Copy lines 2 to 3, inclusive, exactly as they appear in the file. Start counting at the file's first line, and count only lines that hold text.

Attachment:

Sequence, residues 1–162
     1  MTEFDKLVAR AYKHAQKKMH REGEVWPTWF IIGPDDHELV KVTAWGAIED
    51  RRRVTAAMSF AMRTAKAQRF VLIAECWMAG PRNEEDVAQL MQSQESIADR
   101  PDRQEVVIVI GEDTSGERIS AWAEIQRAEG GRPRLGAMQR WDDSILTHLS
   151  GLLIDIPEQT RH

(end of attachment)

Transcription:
     1  MTEFDKLVAR AYKHAQKKMH REGEVWPTWF IIGPDDHELV KVTAWGAIED
    51  RRRVTAAMSF AMRTAKAQRF VLIAECWMAG PRNEEDVAQL MQSQESIADR